According to the DPM Shrestha, the Chinese side first proposed the project implementation plan and the Nepali side responded with its comments.
“I insisted the Chinese leaders sign the implementation plan,” he said.
The Finance Ministry, while commenting on the text of the project implementation plan, stated that Nepal cannot afford a loan with an annual interest rate of more than one percent, nor can it fund BRI projects through commercial loans. The Nepali side also insisted that there should be a free and fair competition among bidders under the BRI framework.
The major impediment in the selection and implementation of projects is a lack of clarity on the financing modality, according to multiple officials. Nepal, they say, wants grants while China insists on soft loans.
Without progress on a single project, the BRI framework agreement has been renewed twice—most recently in May. Policy coordination, infrastructure connectivity, unimpeded trade, financial integration and connecting people are the five major priority areas of the initiative. The implementation plan encompasses all possible areas of cooperation and gives clarity on project negotiations on both sides.
For example, according to officials working on the draft, if Nepal seeks support for connectivity projects under the BRI, it would make a list of various kinds of projects under air connectivity, physical connectivity, digital connectivity, transmission lines, cultural connectivity and connectivity through trade, goods and commerce.
Another foreign ministry official told the Post that there were some rounds of discussions between the two sides and drafts were exchanged so as to reach a consensus on the proposed projects. But in the absence of a dedicated implementation plan, Nepal could not identify the projects under the BRI.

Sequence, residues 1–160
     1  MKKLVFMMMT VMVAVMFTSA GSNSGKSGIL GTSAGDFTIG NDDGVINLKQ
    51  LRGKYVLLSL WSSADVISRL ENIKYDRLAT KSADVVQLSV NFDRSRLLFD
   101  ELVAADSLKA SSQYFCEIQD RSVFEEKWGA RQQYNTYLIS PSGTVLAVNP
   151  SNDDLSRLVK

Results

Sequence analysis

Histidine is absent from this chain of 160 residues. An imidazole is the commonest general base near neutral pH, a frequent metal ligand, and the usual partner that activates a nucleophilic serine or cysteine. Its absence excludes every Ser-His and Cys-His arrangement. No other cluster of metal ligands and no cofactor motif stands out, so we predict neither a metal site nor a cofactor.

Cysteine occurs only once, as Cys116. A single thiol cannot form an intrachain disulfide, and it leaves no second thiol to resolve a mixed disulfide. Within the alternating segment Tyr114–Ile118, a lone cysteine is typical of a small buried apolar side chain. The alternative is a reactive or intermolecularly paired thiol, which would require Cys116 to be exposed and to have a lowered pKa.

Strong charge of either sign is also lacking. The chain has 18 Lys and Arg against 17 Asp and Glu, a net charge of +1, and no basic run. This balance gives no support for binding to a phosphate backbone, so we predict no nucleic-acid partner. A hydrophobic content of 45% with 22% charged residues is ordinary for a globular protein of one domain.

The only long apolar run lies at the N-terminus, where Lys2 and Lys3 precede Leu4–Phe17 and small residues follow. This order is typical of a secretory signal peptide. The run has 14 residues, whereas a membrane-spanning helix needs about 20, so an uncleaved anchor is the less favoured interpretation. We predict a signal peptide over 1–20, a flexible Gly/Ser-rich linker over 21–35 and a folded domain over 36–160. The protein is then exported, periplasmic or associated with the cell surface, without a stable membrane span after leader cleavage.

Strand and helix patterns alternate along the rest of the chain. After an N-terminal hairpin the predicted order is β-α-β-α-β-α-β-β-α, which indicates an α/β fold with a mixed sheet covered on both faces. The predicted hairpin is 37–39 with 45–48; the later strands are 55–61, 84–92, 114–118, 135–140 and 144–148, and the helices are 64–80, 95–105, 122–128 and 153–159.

According to Shrestha, he also urged the Chinese leaders to ramp up Chinese assistance to Nepal in line with China’s economic progress.
“When China was not as rich as it is now, they built several infrastructure projects in Nepal including the Ring Road, Araniko Highway and set up several factories and hydropower stations in Nepal. But now China has become more prosperous, but its economic assistance to Nepal has not increased accordingly. So I urged the Chinese to increase economic assistance and investment in Nepal to match their economic might,” said Shrestha.
Similarly, DPM Shrestha, during his meeting with Chinese leaders, claims to have called for speedy completion of Chinese-involved projects including the second phase of Ring Road expansion, which remains delayed since the Covid pandemic. The detailed project report for the work has not yet been finalized.
Before being appointed home minister, Shrestha served as minister for physical infrastructure and transportation until March. He had also expressed concerns over the delay in the work with the Chinese envoy to Nepal Cheng Song.
In Sichuan, Shrestha had put across the issue of delays in two other projects—the widening works on the Narayanghat-Butwal section of the East-West highway and Abu Khairani-Pokhara section of the Prithvi Highway—both of which are being implemented by Chinese contractors.
Shrestha said he also asked the Chinese leaders to open more trading points between Nepal and China and build additional dry ports along the Nepal-China border to boost trade.
“The limited opening of the border points have limited our engagements and trade. So we have to open more trading points,” he added.
Nepal and China have been trading solely through the Kerung-Rasuwagadhi and Tatopani entry points, say Nepali officials. Trade through Tatopani has been sluggish even as Nepal is exporting next to nothing to China.